Sunday, April 6, 2008

The Place Which was Called Nahom

The first book in the Book of Mormon (1 Nephi) details, among other things, the challenges that Nephi and his family had to face while traveling through the Arabian desert. The hardships in the desert became so severe, in fact, that one member - a man named Ishmael - died. Nephi indicates that Ishmael was buried "in the place which was called Nahom" (1 Nephi 16:34).

This bit of information in the Book of Mormon constitutes one of its strongest evidences of authenticity. There are three points to this.

1. The root of the name Nahom - NHM (remember, there are no vowels in Hebrew) - means "consolation" or "to be sorry, console oneself." How appropriate that Ishmael was buried at a location that had a name such as this. Also, how appropriate that the daughters of Ishmael, following the old Bedouin tradition of mourning, choose here to proclaim their lamentations for the loss of their father (1 Nephi 16:35-36).
Of all the names that Joseph Smith could have choosen for the name of the place that Ishmael was buried if he was the author of the text, how did he know to pick such a befitting title? Joseph did not begin to learn Hebrew until 5 years after the publication of the Book of Mormon.

2. In the late 1990's, a team of non-LDS German archaeologists discovered a group of limestone altars in the Nehem region of southern Arabia. On these altars was inscribed the name NHM, which can be constructed as Nehem/Naham/Nahom. These altars are older than the time in which Nephi says Ishmael was buried (circa 600-592 BCE) which shows that Nephi was strictly correct to note that Ishmael's burial site "was called" Nahom, since the location was older than the time of Nephi's narrative.

3. Nephi indicates that he and his family, after entombing Ishmael at Nahom, traveled "nearly eastward" (1 Nephi 17:1) until they hit the land that Nephi and his family named Bountiful, where Nephi built his ship that would take him and his family to the New World. Latter-day Saint scholars have shown that the most likely candidate for Nephi's "Bountiful" - a location today known as Khor Khafot - is indeed a simple eastward trek from Nahom, thus proving that Nephi's record is in strict accord with Arabian geography.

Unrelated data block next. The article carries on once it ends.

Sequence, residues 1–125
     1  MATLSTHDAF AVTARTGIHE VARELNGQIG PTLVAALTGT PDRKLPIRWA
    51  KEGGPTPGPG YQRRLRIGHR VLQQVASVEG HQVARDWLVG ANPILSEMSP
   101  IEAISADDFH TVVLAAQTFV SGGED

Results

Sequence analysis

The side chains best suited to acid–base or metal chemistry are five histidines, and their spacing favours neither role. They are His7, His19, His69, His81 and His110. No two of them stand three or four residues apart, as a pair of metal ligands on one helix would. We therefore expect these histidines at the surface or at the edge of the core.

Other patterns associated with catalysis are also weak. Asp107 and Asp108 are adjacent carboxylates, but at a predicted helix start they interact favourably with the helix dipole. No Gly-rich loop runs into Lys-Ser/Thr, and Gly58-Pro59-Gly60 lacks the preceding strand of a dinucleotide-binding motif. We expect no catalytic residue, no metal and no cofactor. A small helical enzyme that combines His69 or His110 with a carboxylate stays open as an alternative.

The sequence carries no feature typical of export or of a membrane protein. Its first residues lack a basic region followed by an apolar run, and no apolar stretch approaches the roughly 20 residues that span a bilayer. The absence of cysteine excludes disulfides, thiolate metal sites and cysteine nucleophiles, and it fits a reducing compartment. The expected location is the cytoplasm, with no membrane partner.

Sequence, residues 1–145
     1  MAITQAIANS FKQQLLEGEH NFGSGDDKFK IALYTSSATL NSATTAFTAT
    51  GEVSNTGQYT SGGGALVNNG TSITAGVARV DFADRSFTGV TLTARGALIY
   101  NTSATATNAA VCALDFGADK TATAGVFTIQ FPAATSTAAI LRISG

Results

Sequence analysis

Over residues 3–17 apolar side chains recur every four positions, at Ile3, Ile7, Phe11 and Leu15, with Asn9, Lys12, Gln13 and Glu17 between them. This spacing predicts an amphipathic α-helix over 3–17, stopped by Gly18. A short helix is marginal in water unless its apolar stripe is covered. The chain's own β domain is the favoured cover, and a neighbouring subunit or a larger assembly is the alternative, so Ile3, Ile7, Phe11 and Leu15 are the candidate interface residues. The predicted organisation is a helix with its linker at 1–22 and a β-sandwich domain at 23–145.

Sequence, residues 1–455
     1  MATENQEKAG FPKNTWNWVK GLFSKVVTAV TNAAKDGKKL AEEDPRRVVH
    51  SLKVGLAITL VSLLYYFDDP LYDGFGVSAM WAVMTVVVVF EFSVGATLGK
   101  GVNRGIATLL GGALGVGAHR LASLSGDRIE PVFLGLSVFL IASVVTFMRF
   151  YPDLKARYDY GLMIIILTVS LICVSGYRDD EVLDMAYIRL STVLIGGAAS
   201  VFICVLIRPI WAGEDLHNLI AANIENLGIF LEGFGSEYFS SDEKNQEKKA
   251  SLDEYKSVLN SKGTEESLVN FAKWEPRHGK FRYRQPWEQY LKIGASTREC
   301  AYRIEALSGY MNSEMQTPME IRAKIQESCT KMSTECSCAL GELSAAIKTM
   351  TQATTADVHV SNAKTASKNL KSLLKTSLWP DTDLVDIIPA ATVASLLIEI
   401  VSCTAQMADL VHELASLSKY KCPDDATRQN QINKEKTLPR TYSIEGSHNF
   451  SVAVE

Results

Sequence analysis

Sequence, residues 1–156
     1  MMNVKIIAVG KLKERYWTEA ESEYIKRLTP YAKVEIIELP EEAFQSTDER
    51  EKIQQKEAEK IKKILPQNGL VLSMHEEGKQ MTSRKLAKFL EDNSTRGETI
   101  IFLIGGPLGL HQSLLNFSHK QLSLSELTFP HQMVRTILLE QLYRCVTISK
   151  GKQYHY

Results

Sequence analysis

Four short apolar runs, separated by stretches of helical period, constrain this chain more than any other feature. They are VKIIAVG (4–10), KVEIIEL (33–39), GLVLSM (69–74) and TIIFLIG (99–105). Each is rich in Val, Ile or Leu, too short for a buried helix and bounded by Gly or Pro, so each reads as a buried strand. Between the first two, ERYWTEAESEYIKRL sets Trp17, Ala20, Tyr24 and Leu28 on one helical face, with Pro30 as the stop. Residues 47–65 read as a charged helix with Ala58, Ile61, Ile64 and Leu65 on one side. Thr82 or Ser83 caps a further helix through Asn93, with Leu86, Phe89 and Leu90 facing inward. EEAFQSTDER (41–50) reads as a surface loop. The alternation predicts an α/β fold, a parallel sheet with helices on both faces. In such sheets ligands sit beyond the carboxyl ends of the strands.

These three elements create an impressive evidence for the Book of Mormon's authenticity. There is no evidence that Joseph Smith was familiar with pre-Islamic Arabian geography, which makes him and unlikely author of the text of 1 Nephi. The only person who could have written it is someone who had a familiar understanding with Arabian geography (i.e. Nephi).

However, despite this impressive bullseye for the Book of Mormon (and there is plenty more from Arabia that I did not cover which are also impressive evidences for the Book of Mormon), it cannot be stressed enough that the ultimate proof for the Book of Mormon is the witness of the Spirit of its truthfulness (Moroni 10:4-5) which comes from personal revelation from the Lord through the Holy Ghost.

For further reading, consult the following:

"New Light from Arabia on Lehi's Trail" by S. Kent Brown (http://farms.byu.edu/publications/bookschapter.php?bookid=8&chapid=61)

"Lehi's Arabian Journey Updated" by Noel B. Reynolds (http://farms.byu.edu/publications/bookschapter.php?bookid=41&chapid=195)

"Lehi in the Desert" by Hugh W. Nibley (http://maxwellinstitute.byu.edu/publications/booksmain.php?bookid=59)

"Through the Arabian Desert to a Bountiful Land: Could Joseph Smith have Known the Way?" in Book of Mormon Authorship: New Light on Ancient Origins by Eugene England

"New Light: "The Place That Was Called Nahom": New Light from Ancient Yemen" by S. Kent Brown (http://farms.byu.edu/display.php?table=jbms&id=187)

"Bountiful and Nahom in the Arabian Peninsula" by Jeff Lindsay (http://www.jefflindsay.com/BMEvidences.shtml#geography)